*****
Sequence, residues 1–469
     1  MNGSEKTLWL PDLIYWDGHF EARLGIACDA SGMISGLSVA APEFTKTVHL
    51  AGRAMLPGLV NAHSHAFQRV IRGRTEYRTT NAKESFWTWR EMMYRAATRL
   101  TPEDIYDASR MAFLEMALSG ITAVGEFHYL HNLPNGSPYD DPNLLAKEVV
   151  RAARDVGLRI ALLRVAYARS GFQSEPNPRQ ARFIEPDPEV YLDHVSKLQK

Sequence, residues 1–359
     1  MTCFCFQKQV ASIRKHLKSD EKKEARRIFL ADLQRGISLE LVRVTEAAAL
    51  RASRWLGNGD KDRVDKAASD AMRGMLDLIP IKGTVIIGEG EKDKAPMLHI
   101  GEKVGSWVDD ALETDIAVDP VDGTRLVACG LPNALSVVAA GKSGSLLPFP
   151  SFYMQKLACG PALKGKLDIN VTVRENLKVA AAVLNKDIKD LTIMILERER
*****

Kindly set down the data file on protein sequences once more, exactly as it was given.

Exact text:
Sequence, residues 1–469
     1  MNGSEKTLWL PDLIYWDGHF EARLGIACDA SGMISGLSVA APEFTKTVHL
    51  AGRAMLPGLV NAHSHAFQRV IRGRTEYRTT NAKESFWTWR EMMYRAATRL
   101  TPEDIYDASR MAFLEMALSG ITAVGEFHYL HNLPNGSPYD DPNLLAKEVV
   151  RAARDVGLRI ALLRVAYARS GFQSEPNPRQ ARFIEPDPEV YLDHVSKLQK

Sequence, residues 1–359
     1  MTCFCFQKQV ASIRKHLKSD EKKEARRIFL ADLQRGISLE LVRVTEAAAL
    51  RASRWLGNGD KDRVDKAASD AMRGMLDLIP IKGTVIIGEG EKDKAPMLHI
   101  GEKVGSWVDD ALETDIAVDP VDGTRLVACG LPNALSVVAA GKSGSLLPFP
   151  SFYMQKLACG PALKGKLDIN VTVRENLKVA AAVLNKDIKD LTIMILERER